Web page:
John Locke And The Social Contract

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Introduction

The social contract has been profoundly tackled throughout the history, starting with the ancient times. The difficulties between the government and its people particularly arise when both try to decide what a legitimate connection ought to incorporate them and, consequently, what would bring everyone towards common agreements. In order to understand why social contract comes into the debate with 16th-17th century philosophers, it would be helpful to reflect on the historical background. Prior to the Enlightenment, the European governments were “divinely absolute,” i.e. it meant that the king possessed the divine rights which exempted his authority from the outside. The king, essentially, possessed all the authority on his own.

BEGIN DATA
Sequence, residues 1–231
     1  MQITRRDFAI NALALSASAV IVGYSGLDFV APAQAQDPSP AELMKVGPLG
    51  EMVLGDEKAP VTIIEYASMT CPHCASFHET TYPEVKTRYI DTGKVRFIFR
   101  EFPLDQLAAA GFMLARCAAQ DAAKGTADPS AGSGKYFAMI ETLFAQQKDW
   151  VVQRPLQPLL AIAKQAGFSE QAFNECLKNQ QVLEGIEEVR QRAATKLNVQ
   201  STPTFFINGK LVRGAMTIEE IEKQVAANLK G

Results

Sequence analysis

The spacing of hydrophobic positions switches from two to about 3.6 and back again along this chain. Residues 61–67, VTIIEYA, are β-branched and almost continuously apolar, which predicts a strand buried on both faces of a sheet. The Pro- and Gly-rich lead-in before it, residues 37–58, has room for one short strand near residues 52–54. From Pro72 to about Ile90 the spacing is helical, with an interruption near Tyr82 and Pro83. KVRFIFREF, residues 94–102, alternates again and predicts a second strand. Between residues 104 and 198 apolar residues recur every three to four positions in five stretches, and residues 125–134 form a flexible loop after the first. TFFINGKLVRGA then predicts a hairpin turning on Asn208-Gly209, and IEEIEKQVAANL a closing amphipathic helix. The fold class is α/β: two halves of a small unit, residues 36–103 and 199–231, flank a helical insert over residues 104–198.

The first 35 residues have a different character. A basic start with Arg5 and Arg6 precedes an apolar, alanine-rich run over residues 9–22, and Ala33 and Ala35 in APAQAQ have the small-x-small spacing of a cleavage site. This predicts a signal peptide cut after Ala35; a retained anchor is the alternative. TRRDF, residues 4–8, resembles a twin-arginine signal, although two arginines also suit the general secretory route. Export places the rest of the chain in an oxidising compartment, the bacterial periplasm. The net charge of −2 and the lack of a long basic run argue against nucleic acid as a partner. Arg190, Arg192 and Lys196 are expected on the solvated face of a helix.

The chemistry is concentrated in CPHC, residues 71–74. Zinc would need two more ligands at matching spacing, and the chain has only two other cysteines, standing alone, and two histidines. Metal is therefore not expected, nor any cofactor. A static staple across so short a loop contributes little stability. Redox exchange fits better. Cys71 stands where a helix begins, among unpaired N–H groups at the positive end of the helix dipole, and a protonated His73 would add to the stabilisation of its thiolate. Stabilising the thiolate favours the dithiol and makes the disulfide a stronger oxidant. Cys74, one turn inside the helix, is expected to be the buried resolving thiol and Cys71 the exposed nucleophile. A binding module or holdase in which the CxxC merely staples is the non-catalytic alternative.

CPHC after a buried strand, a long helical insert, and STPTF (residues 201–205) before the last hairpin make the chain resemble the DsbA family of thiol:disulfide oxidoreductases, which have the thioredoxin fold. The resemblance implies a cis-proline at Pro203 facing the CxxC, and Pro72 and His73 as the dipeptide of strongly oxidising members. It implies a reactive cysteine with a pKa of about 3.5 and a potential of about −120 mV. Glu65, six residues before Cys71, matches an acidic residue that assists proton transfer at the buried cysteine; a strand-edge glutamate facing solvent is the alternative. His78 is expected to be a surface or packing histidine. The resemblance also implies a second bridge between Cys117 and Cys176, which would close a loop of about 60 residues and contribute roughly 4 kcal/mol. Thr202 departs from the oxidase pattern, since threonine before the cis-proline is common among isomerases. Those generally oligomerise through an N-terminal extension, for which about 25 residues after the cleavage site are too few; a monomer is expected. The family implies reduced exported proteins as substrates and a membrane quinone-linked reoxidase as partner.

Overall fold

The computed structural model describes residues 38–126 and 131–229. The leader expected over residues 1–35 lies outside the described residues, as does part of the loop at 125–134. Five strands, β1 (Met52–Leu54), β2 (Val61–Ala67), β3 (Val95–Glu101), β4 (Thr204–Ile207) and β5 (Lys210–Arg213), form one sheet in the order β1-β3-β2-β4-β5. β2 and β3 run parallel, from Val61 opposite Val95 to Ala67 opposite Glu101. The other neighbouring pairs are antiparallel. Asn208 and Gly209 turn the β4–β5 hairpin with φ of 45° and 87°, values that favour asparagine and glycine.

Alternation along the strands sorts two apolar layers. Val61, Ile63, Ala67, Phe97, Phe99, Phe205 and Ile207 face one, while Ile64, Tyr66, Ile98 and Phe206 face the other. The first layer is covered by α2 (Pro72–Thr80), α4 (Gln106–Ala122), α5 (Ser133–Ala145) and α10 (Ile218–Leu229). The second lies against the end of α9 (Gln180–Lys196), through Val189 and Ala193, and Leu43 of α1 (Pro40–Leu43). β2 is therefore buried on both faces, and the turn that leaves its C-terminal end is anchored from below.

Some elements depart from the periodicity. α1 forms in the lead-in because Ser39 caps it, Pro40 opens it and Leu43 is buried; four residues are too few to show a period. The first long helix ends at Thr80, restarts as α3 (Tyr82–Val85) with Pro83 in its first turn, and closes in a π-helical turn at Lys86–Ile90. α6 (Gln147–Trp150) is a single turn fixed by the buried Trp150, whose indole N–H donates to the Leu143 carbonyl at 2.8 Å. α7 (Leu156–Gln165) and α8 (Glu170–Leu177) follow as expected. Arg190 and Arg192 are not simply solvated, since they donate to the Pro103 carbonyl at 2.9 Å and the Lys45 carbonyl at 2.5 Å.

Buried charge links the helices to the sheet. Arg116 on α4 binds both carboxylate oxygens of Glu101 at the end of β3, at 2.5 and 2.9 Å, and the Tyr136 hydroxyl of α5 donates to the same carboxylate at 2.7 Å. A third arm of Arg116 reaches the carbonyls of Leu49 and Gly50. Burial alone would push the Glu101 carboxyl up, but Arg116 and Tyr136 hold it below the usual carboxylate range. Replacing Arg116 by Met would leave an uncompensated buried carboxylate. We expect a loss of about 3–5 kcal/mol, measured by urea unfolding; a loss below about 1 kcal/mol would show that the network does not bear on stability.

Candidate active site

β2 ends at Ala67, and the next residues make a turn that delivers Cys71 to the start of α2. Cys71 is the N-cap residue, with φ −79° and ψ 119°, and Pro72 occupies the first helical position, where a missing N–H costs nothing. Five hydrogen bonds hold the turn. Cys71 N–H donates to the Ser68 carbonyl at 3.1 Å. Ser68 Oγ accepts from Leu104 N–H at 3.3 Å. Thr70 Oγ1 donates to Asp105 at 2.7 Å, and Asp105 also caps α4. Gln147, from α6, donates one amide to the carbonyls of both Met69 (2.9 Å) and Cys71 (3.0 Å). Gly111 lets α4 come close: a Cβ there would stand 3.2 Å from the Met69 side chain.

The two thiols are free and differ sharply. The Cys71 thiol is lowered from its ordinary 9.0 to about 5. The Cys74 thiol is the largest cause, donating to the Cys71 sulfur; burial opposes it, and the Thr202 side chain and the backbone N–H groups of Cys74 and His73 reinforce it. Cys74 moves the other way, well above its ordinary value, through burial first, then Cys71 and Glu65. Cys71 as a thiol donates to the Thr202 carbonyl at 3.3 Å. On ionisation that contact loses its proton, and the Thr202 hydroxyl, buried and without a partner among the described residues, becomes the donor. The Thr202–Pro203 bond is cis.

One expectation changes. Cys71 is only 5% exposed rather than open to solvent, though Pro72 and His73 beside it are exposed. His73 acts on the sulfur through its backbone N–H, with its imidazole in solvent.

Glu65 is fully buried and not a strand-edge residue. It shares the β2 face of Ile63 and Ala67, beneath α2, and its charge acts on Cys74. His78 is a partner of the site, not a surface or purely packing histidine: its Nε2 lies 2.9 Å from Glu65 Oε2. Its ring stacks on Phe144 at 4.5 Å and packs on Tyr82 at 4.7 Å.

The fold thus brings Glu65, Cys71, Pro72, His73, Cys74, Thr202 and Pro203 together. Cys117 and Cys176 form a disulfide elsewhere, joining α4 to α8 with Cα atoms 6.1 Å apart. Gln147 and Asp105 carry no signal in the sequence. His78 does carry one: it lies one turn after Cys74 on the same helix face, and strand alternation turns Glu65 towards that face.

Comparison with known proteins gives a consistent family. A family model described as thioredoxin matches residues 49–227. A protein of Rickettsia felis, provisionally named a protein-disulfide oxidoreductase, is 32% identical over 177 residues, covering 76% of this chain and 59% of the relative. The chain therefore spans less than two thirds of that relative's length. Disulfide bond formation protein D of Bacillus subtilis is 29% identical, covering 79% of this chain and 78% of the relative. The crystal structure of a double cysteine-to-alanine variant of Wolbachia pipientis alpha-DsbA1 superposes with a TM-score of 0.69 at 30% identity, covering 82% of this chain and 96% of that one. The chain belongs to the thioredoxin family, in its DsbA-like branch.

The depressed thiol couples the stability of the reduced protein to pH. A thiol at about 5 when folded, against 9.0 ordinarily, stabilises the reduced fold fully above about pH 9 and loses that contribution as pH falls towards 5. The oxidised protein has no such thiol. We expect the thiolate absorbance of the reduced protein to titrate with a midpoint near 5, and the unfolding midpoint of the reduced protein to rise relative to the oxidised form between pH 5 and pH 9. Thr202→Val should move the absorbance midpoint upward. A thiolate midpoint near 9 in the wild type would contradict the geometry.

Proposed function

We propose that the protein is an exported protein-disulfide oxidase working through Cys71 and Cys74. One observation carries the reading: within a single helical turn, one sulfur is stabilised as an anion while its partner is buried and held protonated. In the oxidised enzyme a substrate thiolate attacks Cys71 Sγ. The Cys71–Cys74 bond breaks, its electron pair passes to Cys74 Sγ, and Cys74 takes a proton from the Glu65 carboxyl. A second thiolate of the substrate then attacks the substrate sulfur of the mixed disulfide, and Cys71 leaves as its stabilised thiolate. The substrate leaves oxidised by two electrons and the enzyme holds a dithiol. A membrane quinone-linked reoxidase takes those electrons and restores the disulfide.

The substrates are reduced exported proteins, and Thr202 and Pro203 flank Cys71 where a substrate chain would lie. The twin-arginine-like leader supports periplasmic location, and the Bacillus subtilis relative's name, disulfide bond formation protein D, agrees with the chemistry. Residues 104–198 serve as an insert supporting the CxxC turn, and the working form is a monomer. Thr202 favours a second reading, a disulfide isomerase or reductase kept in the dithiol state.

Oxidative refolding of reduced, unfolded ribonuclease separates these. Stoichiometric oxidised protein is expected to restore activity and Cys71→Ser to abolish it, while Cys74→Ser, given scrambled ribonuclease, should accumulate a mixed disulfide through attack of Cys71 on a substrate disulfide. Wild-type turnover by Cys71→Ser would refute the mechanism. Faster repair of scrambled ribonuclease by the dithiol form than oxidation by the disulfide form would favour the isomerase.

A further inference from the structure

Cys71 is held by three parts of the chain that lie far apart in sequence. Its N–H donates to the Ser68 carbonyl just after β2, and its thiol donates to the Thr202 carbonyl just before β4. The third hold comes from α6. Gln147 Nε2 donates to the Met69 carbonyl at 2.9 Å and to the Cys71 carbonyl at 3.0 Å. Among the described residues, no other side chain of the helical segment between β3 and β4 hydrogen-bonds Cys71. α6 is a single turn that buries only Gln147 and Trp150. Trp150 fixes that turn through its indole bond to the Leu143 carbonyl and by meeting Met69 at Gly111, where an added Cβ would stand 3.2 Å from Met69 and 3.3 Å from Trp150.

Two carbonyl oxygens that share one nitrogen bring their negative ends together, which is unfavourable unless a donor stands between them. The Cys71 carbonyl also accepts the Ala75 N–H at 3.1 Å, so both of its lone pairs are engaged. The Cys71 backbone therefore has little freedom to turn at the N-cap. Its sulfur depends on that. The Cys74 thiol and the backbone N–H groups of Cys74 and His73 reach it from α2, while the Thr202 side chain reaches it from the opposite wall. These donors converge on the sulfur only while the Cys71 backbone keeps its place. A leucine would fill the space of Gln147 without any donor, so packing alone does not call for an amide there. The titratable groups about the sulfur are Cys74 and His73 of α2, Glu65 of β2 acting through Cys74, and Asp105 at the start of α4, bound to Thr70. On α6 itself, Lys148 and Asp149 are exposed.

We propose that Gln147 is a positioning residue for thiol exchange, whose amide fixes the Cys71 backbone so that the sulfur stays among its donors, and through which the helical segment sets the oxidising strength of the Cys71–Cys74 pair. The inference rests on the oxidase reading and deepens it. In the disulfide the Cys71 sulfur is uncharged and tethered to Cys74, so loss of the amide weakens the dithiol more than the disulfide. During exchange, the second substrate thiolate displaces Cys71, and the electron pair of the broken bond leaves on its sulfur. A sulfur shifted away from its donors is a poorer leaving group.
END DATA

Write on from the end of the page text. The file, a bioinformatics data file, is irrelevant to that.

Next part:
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Locke espouses the idea that God granted Adam the sovereignty and all rights of self-governance. He therefore criticizes Filmer, who mixes the laws of family and politics; in defense of the divine rights of king, Filmer believed that Adam was the first human being to whom God had granted the absolute authority. In contrast with Filmer, Locke argues that since God led Adam towards self maintenance, he provided him all rights which meant that every subsequent human being will also be given equal rights, and each and everyone will be able to access life, liberty, and property (that which will be elaborated later on). It follows therefore that because all humans are equal, we cannot have an absolute government which would result in some people being “more equal” than the others, and legislating opposed to the will of a society. That will contradict the fact that people elect their government according to the mutual agreement of themselves and a government. Hence, Locke feels antagonistic towards the idea of absolutism. He advocates for a constitutional government which, while limited by law, would be moderate and keep the

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